Those puzzled carmakers are also undoubted nonplussed by the concomitant and expected ‘glory to independence’ cant from those who lied through their teeth to secure the victory, without any regard for those whose money is responsible for so many UK jobs, or indeed the fate of the workers themselves.
A remarkably strong UK motor industry, which last year posted a turnover of £76.1bn and boasted employment of 814,000 jobs, of which 169,000 are employed directly in the manufacture of cars, is now in dread of having no access to the EU’s single market.
Indeed, just this week the UK’s Society of Motor Manufacturers and Traders (SMMT) was frantically trying to lobby the government to maintain Britain’s free trade deal with the EU. It is just one of many similar trade organisations trying to ensure that pre-vote trading conditions remain in place.
With the Financial Times reporting that both Nissan and Toyota are considering the future of their UK plants, there is distinct unease around the British motor industry.
While I wish Mr Hawes and his ilk the best of luck with his lobbying, I would caution that the vagueness and insecurity which appears to have settled upon Britain over what the future holds has now enveloped the corridors of power and created a vacuum which could yet choke all political and administrative function, leaving the likes of SMMT to fend for themselves. These are very unsettling times indeed.
Over at Jaguar Land Rover (JLR), which has been one of the recent — and massive — success stories of the British motor industry since being bought from Ford by giant Indian conglomerate Tata, fears are growing among the 40,000-plus workforce that the new JLR plant in Slovakia might be needed by the company to exploit tariff-free selling into European markets, leaving its British operations vulnerable.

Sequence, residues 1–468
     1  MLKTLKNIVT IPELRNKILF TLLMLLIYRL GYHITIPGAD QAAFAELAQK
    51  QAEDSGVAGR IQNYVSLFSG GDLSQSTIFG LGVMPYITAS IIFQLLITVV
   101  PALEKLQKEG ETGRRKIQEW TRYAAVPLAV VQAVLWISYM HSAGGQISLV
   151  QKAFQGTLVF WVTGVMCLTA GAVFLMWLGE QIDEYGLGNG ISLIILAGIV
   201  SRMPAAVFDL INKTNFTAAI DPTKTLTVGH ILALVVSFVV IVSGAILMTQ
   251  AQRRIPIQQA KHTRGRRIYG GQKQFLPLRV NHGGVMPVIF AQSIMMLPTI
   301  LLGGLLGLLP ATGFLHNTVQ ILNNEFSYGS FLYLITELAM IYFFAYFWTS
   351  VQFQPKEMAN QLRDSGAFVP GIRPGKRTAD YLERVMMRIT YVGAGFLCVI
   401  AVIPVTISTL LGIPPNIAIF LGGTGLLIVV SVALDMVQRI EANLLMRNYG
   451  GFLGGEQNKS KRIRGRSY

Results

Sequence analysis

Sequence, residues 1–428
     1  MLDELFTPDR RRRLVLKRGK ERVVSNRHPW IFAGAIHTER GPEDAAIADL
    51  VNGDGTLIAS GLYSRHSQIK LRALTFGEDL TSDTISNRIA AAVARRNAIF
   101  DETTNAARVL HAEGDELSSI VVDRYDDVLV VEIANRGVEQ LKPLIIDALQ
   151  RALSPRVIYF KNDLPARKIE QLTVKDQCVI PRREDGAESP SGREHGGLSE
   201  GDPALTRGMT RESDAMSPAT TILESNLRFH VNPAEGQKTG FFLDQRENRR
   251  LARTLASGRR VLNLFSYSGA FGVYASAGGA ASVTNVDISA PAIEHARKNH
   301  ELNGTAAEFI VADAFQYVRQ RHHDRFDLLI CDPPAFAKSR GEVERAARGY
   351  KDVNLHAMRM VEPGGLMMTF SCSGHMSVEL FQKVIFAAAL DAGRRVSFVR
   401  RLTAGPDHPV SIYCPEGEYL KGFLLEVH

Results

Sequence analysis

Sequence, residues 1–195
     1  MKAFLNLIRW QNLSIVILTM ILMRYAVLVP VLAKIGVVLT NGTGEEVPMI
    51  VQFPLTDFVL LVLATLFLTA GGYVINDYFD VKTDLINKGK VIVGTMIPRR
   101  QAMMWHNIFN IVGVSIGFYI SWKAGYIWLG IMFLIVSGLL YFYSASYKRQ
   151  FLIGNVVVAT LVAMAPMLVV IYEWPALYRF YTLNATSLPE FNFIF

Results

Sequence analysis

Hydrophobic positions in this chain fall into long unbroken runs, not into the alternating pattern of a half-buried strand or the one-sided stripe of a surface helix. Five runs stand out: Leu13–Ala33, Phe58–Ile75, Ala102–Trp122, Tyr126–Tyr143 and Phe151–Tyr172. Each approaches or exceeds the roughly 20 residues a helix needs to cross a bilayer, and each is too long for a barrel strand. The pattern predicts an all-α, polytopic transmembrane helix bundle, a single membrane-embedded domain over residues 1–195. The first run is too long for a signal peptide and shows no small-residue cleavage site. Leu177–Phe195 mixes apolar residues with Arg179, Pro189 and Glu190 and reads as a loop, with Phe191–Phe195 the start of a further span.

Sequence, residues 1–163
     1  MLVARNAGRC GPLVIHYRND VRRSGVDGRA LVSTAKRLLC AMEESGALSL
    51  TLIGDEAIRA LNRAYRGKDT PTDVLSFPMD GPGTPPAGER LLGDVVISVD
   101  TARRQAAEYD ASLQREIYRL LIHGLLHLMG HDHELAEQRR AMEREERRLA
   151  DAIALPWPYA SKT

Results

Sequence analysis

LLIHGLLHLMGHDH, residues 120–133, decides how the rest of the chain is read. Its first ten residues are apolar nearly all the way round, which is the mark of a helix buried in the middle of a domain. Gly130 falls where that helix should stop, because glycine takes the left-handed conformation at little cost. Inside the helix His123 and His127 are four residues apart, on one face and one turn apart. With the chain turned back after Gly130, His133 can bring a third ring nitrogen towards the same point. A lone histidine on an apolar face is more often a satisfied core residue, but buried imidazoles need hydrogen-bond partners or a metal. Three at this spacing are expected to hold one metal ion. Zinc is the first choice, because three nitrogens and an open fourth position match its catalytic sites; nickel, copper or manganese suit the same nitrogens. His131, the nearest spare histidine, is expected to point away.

This must be a crushing prospect for the JLR workforce, having worked so hard to re-establish the Jaguar and Land Rover brands as premium sellers competing against the best the Germans have to offer. It is pertinent therefore that this week we test the face-lifted XF, particularly as it was the model which kickstarted JLR’s regeneration.
Unveiled in 2008 and in production until late last year, the XF was a tour de force which was backed every step of the way by critics and the buying public and it played a critical role in re-establishing Jaguar as a coherent and viable manufacturer. It took Jaguar back from the brink of the nightmare days when Ford insisted on Mondeo underpinnings for the X-Type — with predictably disastrous consequences — and laid the foundations for more success stories.
The original XF was not only a treat to look at, but brilliant to drive too and the plan for the face-lifted version was to continue the ascent to greatness. I am very comfortable in saying that the company has achieved those aims.
Although the look of the car has not been tricked with too much — there have been slight detailing changes to the likes of the grille, light clusters, and other bits and bobs, but the essential clean, vibrant look of the original has been maintained. It is under the skin that much has been altered.